In DCSki’s Interview Series, we take a look at interesting people connected with the ski industry. Today we interview Jeff Lifgren, Vice President and General Manager of the Vail Mid-Atlantic Region and Pennsylvania’s Liberty Mountain Resort. Jeff is in charge of the five Vail-owned resorts in the Mid-Atlantic: Liberty, Whitetail, Roundtop, Big Boulder, and Jack Frost.
Jeff started his career ski instructor at Breckenridge and gradually worked his way up the Vail corporate ladder, holding significant management positions at Breckenridge, Keystone, and the Canyons before rising to his current position in October 2019. In part I of this interview, John Sherwood talks to Jeff about his background and early career. Part II focuses on his current position with Vail Resorts in the Mid-Atlantic. Topics covered in this wide-ranging interview include the differences between Keystone and Breckenridge, diversity and inclusion at Vail Resorts, the challenges of running resorts during the pandemic, snowmaking in the Mid-Atlantic, dealing with altitude at high resorts in Colorado, the Epic Pass reservation system, the on-mountain dining experience at Vail Resorts, and Vail’s corporate culture and philosophy.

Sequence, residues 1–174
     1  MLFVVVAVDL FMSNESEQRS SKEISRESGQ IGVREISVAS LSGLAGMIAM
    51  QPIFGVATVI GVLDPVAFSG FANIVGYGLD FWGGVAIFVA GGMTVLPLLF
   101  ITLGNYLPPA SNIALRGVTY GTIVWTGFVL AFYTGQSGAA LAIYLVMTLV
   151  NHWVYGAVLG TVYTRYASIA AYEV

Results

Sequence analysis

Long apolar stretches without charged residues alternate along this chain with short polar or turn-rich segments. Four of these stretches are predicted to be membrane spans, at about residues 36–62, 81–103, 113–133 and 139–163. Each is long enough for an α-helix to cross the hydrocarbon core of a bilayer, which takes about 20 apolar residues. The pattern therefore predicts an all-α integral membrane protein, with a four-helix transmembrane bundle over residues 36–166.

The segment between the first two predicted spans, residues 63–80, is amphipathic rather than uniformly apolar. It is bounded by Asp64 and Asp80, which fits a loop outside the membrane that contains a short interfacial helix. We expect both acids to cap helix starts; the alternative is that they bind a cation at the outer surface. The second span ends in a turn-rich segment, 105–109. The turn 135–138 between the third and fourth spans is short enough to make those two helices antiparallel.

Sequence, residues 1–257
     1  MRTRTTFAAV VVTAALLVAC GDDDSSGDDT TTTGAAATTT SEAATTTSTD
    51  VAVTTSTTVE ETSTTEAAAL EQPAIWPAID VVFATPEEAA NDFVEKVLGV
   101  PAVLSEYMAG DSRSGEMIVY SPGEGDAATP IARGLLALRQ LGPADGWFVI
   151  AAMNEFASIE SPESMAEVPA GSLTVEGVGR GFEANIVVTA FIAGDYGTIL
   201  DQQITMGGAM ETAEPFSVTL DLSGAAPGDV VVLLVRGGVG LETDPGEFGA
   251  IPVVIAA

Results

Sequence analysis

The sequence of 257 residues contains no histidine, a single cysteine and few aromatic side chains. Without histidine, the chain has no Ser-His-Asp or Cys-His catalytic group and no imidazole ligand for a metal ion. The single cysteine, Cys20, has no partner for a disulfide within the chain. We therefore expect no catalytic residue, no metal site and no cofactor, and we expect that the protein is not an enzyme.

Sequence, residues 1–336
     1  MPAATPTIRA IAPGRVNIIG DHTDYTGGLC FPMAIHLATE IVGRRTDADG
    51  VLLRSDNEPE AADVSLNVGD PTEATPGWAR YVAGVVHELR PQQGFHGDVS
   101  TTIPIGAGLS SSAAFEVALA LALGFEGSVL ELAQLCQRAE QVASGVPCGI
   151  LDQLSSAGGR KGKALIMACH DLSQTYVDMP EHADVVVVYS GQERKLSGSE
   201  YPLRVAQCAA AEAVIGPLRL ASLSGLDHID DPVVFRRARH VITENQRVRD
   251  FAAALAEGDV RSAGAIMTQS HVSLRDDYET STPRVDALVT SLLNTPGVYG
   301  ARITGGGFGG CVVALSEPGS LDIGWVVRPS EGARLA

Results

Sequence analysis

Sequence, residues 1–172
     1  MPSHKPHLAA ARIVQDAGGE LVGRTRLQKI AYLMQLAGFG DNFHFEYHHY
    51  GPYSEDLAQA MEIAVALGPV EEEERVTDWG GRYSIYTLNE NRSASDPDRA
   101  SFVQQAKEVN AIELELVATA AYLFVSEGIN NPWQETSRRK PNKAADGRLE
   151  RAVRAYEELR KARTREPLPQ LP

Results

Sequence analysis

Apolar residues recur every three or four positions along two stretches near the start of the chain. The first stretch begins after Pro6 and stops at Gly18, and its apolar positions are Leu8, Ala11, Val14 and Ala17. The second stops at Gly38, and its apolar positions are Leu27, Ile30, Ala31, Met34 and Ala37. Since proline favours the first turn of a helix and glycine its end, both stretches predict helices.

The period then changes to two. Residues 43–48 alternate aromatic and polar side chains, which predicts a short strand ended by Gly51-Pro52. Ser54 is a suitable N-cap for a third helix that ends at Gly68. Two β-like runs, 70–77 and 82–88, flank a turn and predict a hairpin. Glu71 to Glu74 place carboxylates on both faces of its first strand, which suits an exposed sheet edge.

John: Can you tell me where you grew up, where you went to school, and how you got interested in skiing?
Jeff: I grew up just outside of Cooperstown, New York — about 10 miles away from the Baseball Hall of Fame — in the small town of Milford New York. I graduated in a high school class of less than 30 people. I got a Master’s Degree in Physical Therapy from Ithaca College and spent five years working in that field.
When I was a kid, we had a hunting cabin in the Adirondacks in New York, where we would go every winter for a week at a time and just go snowmobiling across the frozen lakes in the Adirondacks Park. But in the 80s, it didnâ€™t really snow all that much. And so my dad got frustrated that he couldn’t go snowmobiling. He used to ski when he was a kid, but hadn’t skied in probably 25 years, and one day he saw that a local ski hill had a family lesson and took us over there, and we did that two weekends in a row, and the next Christmas my dad bought everybody skiing equipment, and we turned into a skiing family.
John: So what was your local hill?
Jeff: The main resort where I learned to ski was Deer Run, in Stamford, New York, which does not exist any longer. It was 20 minutes from Hunter Mountain, which is now part of the Vail Resorts family, and so I grew up skiing Hunter, Windham, and Mount Snow up in Vermont.